My marathon training for beginners

Blog entry posted by Janne, Feb 22, 2020.

Beginners that don't know where to start, i.e me. Just search the web and there's plenty of training programs, even with the label beginner friendly. There is also an industry around this: how to get there in some period of time, beginner, initiated, expert, OR wannabe; the latest I've seen is the companion app. But what if the same story about running requiring shoes is true for training requiring tempo runs, intervals and weight lifting? It is an easy argument to buy: you need to train fast to get fast, or get strong to beat nature and conquer what only "0.2%" of the population do.

I've been active all my life and somehow the one thing that should be really easy I could not accomplish: run and run long. The first competition I did was a half marathon. I took an internet program for a marathon and just halved it. I managed to run the race on a better time than what I thought possible and tried to continue training for the marathon. Things went downhill from there. I never got past a long run without feeling all aches and tiredness. The years went by and I got to cover less and less distance before something stopped me from running.

I, as many others, got tired of being injured and not being able to run. That is how I got to barefoot running. Something I saw live back by the 2YK. It seemed just idiocy, how would I dare mistreat my body that way? As nothing worked with shoes, I gave in and removed them. It was so fine that I over did it... back to square one. I kind of gave up and started training otherwise with HIIT being the thing. That gives you the rush and it is supposed to give you plenty of health benefits. It just seemed impossible to keep constant pace for 2, 3 or more hours at that pulse. I thought the solution was the famous 10% rule. That didn't work either; it is hard to understand how taking an exponential amount of kilometers would help you to avoid injury or to keep my pulse in control.

I went back to the internet for help and try to read all that I could. Things seem all to converge to one thing: run long, often and at a comfortable pace. Some put a label, others just explain why it works but the concept is simple: long distance running requires patience, time and dedication. You may have heard about slow running or easy pace running. This way of training is all that is needed to be able to complete a long distance race without feeling miserable or falling apart. If you want to review the sources of my way of training read about MAF,, Lydiard and slow jogging. They all go by the lines of to get fast you need to deserve it and it is not by working your self to the ground. Maybe that is why the fastest marathon runners are on their 30s after more than a decade of developing slow running - many argue if this is true, but I don't think there is anything to question here.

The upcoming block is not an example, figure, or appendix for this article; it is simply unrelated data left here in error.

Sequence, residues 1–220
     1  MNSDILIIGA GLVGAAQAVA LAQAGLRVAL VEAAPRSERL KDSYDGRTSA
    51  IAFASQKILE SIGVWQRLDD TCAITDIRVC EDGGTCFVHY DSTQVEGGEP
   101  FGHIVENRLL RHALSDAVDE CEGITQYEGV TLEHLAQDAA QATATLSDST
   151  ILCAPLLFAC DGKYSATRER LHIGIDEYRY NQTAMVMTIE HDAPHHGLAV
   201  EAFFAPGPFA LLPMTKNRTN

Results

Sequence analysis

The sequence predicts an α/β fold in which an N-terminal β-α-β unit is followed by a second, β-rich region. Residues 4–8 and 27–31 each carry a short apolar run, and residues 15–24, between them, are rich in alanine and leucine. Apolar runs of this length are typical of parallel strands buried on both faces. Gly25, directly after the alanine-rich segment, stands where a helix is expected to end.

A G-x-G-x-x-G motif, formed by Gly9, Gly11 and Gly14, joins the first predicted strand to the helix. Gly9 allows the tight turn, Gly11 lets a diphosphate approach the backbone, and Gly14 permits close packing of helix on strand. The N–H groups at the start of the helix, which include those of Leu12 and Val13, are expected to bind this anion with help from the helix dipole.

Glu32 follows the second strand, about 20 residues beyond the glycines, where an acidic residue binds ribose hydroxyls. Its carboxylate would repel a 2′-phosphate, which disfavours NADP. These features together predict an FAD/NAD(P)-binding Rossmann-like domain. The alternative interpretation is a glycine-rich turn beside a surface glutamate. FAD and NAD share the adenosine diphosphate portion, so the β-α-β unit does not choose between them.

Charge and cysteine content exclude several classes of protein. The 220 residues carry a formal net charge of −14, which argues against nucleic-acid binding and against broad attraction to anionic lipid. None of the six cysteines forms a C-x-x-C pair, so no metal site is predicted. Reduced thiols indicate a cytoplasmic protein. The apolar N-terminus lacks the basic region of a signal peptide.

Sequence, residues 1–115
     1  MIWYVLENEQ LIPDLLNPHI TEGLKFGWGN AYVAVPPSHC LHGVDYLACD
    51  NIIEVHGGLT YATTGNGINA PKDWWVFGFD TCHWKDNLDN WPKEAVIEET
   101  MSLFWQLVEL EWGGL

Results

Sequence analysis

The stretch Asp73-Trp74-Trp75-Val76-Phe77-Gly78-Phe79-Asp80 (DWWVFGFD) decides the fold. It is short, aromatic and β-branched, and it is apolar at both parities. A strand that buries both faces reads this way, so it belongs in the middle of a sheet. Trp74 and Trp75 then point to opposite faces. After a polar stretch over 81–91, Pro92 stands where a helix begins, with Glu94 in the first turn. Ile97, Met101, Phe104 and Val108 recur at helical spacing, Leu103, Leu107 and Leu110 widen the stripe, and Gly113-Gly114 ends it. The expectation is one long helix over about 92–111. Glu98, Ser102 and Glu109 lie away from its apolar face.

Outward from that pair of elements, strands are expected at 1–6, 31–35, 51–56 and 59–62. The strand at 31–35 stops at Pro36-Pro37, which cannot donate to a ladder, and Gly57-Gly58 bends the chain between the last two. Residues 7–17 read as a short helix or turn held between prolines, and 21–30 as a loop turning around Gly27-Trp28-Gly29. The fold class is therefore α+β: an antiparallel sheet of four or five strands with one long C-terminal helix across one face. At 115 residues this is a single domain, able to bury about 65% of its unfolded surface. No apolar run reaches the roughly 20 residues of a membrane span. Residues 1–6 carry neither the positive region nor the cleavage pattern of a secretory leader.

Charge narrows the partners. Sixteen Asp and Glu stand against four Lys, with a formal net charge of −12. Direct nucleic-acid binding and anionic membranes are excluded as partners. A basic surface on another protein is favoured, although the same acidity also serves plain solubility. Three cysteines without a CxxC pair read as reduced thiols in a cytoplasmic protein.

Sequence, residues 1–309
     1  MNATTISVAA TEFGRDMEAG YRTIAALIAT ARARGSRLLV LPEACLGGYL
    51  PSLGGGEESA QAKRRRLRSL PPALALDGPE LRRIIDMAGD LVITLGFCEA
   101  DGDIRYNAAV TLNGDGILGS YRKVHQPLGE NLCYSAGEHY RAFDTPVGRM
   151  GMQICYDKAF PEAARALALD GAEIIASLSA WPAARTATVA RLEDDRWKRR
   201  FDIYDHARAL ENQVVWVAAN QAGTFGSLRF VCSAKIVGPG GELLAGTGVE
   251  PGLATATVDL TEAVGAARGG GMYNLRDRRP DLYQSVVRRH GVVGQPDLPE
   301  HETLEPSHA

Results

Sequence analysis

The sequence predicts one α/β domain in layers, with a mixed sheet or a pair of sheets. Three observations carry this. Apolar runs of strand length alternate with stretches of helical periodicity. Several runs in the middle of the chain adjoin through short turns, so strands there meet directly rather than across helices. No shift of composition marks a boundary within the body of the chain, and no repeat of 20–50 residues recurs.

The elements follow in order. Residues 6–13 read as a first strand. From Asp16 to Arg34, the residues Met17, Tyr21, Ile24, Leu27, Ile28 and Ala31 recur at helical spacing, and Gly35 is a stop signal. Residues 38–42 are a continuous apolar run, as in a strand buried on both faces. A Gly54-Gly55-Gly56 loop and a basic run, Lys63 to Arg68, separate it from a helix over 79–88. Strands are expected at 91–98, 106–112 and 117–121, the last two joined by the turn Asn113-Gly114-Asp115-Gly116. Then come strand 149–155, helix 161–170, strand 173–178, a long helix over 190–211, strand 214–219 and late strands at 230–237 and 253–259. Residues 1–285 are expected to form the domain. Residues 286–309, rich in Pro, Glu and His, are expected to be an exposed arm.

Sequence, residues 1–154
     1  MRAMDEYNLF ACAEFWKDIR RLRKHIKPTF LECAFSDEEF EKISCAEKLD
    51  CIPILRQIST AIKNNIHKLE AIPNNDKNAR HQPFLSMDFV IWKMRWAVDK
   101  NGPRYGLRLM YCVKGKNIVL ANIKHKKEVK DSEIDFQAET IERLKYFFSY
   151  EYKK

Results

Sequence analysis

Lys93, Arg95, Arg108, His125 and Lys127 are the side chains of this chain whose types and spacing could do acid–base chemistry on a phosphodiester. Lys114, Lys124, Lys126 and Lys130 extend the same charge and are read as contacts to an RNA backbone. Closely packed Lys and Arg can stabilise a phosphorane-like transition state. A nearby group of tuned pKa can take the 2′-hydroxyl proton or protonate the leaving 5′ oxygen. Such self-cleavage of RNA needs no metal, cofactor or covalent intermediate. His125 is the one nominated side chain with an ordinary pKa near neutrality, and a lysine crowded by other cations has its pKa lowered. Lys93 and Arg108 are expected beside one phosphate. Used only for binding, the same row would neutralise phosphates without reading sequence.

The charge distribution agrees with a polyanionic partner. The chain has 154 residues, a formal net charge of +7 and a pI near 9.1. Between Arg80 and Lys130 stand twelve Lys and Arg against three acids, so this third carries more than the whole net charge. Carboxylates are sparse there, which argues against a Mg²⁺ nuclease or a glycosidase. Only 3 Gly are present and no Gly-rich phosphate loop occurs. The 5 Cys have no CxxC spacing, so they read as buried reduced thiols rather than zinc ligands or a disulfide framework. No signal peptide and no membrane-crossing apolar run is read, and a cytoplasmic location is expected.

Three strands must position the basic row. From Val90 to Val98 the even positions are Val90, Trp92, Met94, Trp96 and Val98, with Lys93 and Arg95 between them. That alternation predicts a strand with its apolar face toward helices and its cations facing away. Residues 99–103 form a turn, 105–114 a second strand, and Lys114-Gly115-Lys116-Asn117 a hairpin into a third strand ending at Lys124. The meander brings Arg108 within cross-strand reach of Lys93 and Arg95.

I am learning from reading how to do this stuff so I expect mistakes to happen but I think this is the safest way. Slow running is not the same for everybody, it is what it is for you when you run and it is expected to improve with time. My program is on the last paragraph.

The simplest of the methods is MAF using a heart monitor. Take 180 - age and that is your max running pulse. If you have not done constant long duration training at a constant pulse, get the result and stick to it (reduce if coming from recovery). The reason is that most likely the working muscles are not fit and the resulting slow pace or high pulse is the demonstration. It is hard to leave the ego when people are walking passing you. Still this is the time to polish the running technique and get a deeper connection with your body - the slow jogging book explains this more.

My training is basically running every day as much as I feel like under MAF pulse. It stared by running a streak for a month at slow running. I noticed that there is no much difference between walking and running so I tried walking to work. That gives me about 45 minutes. My walking speed is fast enough to be annoying to walk so I prefer to run but if I get tired I just walk even though it is hard to really get tired by keeping the pulse under MAF. Once or twice a week I go crazy and increase the time. Sometimes I have to stop running because I need to get to work. I went in 7 weeks from 10K to 50K without feeling miserable.

I still have 3 months to my marathon, lets see if I think that same way then.
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